7 essential goal achievement tips for project managers

Great explorers had to achieve goals and manage their teams through complexity and into the unknown just as project managers must do today. Learn from one such explorer.

Leading successful digital transformation projects and new business opportunities requires navigating uncharted terrain. Turning to the lessons from the past can help leaders and other project managers achieve success.

That's one takeaway from Management Lessons from the Great Explorers, written by Ralph L. Kliem, a project management consultant and trainer.

Staying focused on a goal can help project managers overcome any obstacles, which is critical to achieving success, according to Kliem. In the case of Portuguese explorer Ferdinand Magellan, he faced many internal and external hardships, including mutinies from crew members, poor food sources and unrelenting weather conditions.

In the face of obstacles, Magellan remained determined to pursue what would become his final expedition, Kliem wrote. His travels took his fleet of ships across the Atlantic Ocean. He led the crew through a strait now named after him in South America and into the Pacific Ocean, eventually landing on what he named the Spice Islands.

Today's project managers face different challenges than Magellan. Still, achieving their goals requires dedication, focus and commitment. Magellan was an expert in those skills.

Project managers should be flexible, Kliem wrote. Disruption will occur, no matter how smoothly a project is moving along. Some of those disruptions may come from team members who don't believe in the project's vision from the outset or are fatigued by lack of success.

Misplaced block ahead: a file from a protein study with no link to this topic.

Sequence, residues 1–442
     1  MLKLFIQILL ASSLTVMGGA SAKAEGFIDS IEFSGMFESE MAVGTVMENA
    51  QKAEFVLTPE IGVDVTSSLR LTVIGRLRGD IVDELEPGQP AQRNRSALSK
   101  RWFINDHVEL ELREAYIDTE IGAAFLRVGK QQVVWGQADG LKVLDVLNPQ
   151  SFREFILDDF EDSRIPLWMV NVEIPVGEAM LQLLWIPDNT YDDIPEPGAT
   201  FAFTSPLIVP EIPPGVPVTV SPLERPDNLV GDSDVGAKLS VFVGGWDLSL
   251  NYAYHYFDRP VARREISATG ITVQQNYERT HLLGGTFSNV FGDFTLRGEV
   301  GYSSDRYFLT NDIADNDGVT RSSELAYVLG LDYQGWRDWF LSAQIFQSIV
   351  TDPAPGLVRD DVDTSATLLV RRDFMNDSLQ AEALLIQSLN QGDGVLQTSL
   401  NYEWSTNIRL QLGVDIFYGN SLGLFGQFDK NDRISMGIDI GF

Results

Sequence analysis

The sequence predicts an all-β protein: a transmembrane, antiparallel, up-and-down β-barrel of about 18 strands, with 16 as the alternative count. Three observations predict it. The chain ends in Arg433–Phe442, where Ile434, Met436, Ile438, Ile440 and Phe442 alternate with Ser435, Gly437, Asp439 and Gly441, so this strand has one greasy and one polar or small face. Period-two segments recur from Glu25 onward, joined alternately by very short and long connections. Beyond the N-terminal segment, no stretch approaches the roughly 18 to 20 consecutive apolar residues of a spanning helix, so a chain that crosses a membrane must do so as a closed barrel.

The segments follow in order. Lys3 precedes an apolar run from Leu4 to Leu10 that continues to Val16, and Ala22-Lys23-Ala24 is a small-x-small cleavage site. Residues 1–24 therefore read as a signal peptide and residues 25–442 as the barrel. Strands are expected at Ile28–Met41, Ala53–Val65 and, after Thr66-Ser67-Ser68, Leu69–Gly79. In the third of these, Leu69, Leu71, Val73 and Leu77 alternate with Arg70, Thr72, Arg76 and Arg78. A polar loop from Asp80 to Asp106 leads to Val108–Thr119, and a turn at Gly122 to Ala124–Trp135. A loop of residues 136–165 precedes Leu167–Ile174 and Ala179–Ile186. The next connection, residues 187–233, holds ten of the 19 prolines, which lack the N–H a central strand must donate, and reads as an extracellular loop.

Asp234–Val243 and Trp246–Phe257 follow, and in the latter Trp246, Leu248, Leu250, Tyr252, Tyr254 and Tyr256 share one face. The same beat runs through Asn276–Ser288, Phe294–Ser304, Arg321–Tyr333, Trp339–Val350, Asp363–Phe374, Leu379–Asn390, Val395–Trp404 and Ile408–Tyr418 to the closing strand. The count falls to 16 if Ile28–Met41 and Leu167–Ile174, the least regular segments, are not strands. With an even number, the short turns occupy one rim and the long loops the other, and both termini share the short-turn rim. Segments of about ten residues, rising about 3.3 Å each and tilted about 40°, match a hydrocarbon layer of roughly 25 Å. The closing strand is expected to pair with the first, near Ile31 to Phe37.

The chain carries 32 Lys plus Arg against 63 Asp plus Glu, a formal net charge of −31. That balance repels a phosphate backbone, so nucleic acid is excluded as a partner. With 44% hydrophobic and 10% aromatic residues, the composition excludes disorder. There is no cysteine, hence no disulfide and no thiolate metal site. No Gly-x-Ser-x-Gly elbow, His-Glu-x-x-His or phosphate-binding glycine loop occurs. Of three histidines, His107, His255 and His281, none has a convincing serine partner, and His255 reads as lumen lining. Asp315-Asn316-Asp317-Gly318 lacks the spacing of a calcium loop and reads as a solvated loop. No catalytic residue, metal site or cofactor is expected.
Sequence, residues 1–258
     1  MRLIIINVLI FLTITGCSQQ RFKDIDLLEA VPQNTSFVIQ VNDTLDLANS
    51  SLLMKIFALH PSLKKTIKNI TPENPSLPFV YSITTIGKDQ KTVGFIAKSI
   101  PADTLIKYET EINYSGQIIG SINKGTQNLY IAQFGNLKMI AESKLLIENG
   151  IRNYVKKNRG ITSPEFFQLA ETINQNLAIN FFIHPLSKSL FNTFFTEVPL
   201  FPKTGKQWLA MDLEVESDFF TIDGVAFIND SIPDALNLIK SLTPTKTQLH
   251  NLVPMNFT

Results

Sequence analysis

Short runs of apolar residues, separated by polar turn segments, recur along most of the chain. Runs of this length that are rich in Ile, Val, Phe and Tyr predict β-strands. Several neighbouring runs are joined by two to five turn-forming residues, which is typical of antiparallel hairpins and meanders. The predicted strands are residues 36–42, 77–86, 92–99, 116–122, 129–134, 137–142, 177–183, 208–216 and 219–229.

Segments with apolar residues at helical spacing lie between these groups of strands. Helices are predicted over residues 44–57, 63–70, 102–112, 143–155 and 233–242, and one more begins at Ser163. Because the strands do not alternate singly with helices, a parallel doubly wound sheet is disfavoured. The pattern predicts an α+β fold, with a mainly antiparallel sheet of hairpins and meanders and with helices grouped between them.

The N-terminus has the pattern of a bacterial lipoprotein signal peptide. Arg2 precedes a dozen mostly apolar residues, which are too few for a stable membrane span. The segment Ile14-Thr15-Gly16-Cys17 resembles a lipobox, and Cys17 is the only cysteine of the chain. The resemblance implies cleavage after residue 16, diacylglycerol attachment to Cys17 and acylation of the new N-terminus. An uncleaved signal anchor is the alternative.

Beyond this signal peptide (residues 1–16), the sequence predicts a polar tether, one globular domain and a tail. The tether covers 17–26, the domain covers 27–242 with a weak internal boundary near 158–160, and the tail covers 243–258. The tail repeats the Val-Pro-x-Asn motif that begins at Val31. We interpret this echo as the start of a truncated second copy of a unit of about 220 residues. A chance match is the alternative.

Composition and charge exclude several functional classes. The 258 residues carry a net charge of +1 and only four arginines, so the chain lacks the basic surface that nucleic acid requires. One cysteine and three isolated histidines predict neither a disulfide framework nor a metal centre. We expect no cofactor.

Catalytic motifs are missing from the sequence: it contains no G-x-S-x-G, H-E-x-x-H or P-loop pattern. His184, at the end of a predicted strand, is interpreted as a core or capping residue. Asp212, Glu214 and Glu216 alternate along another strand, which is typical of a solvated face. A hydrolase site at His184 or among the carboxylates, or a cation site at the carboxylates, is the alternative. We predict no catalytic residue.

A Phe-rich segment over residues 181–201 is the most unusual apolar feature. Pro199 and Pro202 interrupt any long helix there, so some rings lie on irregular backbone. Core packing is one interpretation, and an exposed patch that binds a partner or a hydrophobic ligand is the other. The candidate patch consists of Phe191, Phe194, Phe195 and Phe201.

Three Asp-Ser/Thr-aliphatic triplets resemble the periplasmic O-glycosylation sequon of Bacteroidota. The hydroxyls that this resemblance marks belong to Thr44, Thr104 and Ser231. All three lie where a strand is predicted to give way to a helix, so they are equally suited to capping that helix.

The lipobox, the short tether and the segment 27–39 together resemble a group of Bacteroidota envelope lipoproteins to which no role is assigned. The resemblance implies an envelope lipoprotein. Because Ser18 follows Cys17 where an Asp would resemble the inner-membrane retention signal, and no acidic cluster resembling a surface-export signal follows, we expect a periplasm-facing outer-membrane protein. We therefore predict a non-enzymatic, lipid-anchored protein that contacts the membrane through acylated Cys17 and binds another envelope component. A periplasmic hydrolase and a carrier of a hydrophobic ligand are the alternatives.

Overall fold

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There are concrete ways to anticipate employee challenges before they occur, such as a well-defined project plan to help determine goals ahead of time. A project charter can help project managers and team members consider goals that help the project stay on track and within budget.

Patience also plays a role in success, Kliem wrote. Magellan and his crew were working with limited information about their global journey ahead of time. That uncertainty sowed discord within the crew. However, Magellan's previous leadership experience kept him committed to his goal. The project can move forward if only an estimate is available as long as the leader has strong leadership skills.

This excerpt from Chapter 4 of Management Lessons from the Great Explorers offers tips for goal achievement, demonstrating how clear objectives can help project managers find success.

The lessons of Ferdinand Magellan

Keep the goal in the forefront of your mind. Magellan knew the importance of focusing. When others, including his direct reports, wanted to return even after discovering the strait for which he was named, the desire to turn back infected just about everyone but him. His vision, coupled with his goals, sustained him to the end of his life.